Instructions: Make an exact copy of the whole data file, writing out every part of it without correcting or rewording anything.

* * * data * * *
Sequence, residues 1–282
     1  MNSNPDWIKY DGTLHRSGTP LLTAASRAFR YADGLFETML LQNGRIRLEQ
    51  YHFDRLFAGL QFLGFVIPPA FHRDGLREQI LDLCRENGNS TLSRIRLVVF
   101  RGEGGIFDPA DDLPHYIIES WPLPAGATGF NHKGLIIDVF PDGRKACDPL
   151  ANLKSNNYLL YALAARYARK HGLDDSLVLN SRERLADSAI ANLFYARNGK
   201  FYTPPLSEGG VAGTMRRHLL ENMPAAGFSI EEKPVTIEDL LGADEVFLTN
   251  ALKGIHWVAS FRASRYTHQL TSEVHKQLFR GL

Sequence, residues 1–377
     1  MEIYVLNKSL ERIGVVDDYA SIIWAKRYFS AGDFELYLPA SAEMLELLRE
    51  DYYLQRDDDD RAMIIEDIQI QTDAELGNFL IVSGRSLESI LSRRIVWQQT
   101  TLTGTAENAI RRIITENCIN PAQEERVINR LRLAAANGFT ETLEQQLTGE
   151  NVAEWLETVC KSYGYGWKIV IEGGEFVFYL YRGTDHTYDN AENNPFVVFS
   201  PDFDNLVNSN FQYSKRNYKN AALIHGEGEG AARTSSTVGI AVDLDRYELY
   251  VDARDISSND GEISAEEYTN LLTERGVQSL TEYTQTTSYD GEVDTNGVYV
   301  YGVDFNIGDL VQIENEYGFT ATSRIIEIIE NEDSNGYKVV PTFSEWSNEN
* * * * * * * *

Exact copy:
Sequence, residues 1–282
     1  MNSNPDWIKY DGTLHRSGTP LLTAASRAFR YADGLFETML LQNGRIRLEQ
    51  YHFDRLFAGL QFLGFVIPPA FHRDGLREQI LDLCRENGNS TLSRIRLVVF
   101  RGEGGIFDPA DDLPHYIIES WPLPAGATGF NHKGLIIDVF PDGRKACDPL
   151  ANLKSNNYLL YALAARYARK HGLDDSLVLN SRERLADSAI ANLFYARNGK
   201  FYTPPLSEGG VAGTMRRHLL ENMPAAGFSI EEKPVTIEDL LGADEVFLTN
   251  ALKGIHWVAS FRASRYTHQL TSEVHKQLFR GL

Sequence, residues 1–377
     1  MEIYVLNKSL ERIGVVDDYA SIIWAKRYFS AGDFELYLPA SAEMLELLRE
    51  DYYLQRDDDD RAMIIEDIQI QTDAELGNFL IVSGRSLESI LSRRIVWQQT
   101  TLTGTAENAI RRIITENCIN PAQEERVINR LRLAAANGFT ETLEQQLTGE
   151  NVAEWLETVC KSYGYGWKIV IEGGEFVFYL YRGTDHTYDN AENNPFVVFS
   201  PDFDNLVNSN FQYSKRNYKN AALIHGEGEG AARTSSTVGI AVDLDRYELY
   251  VDARDISSND GEISAEEYTN LLTERGVQSL TEYTQTTSYD GEVDTNGVYV
   301  YGVDFNIGDL VQIENEYGFT ATSRIIEIIE NEDSNGYKVV PTFSEWSNEN